There are times in medicine, as with anything, when you need to spend more money to do good. There are also times when you need to spend money to save money. Yes, that may seem odd, but it’s true.
Say for example, your roof is leaking. You know it will cost $10,000 to fix it. Maybe you’re cash-strapped and think you can’t afford it. But, you know that if you don’t fix it, you’re likely to sustain $30,000 in water damage over the coming year. So, you have to spend money in order to save overall. You wouldn’t be too fond of friends and family who called you wasteful for doing so, or advocated that you just abandon the house since it needs repair.
I bring this up, because it seems like this is the argument many make when it comes to Medicaid. Avik Roy posts about a fraud scheme in Medicaid today. There’s a doctor in New York who bilked Medicaid out of $3.4 million. Yes, it’s an anecdote, be he uses it to make a larger point:
The feds recently raided the third-ranked ambulette chaser, another storefront clinic, accusing it of “colluding with ambulette provider Majestic Transportation, which took in $3.45 million from Mediciaid in 2009, to milk the system.” In total, New York State spends over $300 million a year on ambulette services: paying as much as three times normal cab fare, often for people who are perfectly capable of walking or taking public transportation.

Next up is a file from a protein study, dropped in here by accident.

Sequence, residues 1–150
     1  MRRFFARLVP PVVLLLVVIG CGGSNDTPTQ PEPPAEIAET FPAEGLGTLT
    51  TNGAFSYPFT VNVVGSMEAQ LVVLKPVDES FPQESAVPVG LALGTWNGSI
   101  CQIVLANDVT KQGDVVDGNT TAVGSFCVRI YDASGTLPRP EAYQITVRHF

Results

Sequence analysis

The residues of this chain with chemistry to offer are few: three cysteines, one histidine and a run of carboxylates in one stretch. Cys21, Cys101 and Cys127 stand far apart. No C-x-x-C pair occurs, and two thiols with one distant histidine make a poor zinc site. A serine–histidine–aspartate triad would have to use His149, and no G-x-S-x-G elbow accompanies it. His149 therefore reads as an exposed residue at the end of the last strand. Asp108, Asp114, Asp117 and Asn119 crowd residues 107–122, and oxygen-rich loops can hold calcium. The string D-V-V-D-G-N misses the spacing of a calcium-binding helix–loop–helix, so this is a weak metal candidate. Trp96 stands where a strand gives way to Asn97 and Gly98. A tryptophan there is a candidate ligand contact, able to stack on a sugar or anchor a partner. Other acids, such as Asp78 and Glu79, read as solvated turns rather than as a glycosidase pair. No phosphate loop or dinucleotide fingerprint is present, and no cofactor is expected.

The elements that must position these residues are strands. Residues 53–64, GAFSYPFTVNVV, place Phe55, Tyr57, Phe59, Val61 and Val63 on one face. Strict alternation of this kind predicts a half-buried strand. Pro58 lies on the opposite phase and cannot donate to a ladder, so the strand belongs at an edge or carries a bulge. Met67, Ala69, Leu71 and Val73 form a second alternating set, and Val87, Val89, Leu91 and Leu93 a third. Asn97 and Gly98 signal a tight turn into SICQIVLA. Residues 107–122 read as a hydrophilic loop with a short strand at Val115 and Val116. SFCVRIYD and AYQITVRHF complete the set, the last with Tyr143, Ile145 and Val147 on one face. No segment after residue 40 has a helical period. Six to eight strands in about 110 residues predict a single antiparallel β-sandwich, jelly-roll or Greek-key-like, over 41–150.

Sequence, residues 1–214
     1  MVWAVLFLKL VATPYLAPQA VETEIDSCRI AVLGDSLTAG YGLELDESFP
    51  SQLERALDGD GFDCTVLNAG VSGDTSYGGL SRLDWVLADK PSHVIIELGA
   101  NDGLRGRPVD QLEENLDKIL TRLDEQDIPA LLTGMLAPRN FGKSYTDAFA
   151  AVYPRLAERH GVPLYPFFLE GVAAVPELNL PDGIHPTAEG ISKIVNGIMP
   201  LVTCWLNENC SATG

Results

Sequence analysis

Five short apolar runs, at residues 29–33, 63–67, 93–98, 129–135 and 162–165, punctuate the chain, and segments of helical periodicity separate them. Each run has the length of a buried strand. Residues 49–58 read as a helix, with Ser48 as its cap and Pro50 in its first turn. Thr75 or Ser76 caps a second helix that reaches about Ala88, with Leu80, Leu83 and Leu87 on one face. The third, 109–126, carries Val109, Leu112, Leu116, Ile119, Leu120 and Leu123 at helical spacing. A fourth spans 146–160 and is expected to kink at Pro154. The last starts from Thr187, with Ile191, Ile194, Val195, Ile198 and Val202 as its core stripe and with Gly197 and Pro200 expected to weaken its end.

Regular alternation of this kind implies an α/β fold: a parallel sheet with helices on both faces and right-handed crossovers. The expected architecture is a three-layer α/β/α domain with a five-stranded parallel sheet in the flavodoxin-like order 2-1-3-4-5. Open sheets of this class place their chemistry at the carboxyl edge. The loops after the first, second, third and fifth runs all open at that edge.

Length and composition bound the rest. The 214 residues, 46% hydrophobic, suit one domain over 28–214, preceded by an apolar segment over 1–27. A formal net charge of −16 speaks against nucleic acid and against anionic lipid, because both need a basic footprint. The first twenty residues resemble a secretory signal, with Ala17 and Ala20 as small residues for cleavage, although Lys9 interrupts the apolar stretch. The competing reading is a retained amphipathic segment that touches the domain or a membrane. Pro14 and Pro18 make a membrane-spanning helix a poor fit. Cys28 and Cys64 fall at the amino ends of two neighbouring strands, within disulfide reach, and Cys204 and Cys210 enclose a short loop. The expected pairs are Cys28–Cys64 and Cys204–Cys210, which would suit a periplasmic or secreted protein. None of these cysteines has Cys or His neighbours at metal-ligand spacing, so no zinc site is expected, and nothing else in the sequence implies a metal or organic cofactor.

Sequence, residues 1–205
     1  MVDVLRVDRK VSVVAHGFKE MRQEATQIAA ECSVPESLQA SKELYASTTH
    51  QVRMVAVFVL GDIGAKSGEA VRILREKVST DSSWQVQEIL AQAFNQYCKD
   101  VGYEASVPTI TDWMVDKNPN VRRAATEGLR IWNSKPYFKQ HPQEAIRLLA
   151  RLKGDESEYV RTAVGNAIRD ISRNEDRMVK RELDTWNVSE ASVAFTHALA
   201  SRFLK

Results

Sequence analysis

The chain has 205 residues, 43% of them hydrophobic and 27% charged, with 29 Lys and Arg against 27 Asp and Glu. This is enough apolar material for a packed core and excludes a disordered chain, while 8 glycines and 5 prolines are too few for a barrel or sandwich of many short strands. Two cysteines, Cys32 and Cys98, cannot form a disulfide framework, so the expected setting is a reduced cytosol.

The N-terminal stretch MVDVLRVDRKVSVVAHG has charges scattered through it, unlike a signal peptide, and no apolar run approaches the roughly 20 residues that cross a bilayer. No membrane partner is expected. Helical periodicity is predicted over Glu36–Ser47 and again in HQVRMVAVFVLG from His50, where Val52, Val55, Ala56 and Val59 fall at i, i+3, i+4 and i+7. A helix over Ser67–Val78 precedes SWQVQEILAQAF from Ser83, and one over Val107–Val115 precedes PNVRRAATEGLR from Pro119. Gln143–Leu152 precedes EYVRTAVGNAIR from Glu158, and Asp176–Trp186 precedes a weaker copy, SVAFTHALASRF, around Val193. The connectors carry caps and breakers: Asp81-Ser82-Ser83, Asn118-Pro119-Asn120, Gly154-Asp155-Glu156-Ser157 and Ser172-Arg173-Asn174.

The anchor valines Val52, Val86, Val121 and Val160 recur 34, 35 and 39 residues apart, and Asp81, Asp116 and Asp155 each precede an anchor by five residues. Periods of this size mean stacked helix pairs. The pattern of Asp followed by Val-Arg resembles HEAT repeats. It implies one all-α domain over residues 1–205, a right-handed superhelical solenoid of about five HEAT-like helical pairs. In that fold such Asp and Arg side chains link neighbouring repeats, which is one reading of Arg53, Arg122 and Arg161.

These multimillion-dollar figures may not sound like much, when you consider that we spend $450 billion a year on Medicaid. But these are not isolated instances of fraud: indeed, they are symptomatic of a widespread problem that is estimated to cost taxpayers $45 billion annually.
Up until now, he has me. Medicaid fraud is a problem (although the link he used does NOT say that the cost was $45 billion a year, so I’m going to assume Avik has another source that he didn’t link to). So be it. Crack down on the fraud. But Avik didn’t stop there. He ends thusly:
But don’t worry—it’s all good. We can solve all of Medicaid’s problems byspending more money.
And that’s where I’m lost. The fraud is the leaky roof. You know what I’d do? I’d invest in fraud prevention. I bet we can solve this issue at a cost that’s far less than the actual fraud. We’d save more money by investing some. Advocating for some spending in this area isn’t worthy of snark.
Moreover, it’s not worthy of snark in general. I (and other) members of the “spend more money brigade” don’t believe that the solution to all health policy problems is to spend more money. I believe the solution to the fraud problem is to invest in fraud prevention. I believe that the solution to the doctor under-reimbursement problem is to spend more money to pay doctors more. But there are lots of areas of Medicaid where we could spend less. But when someone wants to do that, it’s rationing and death panels.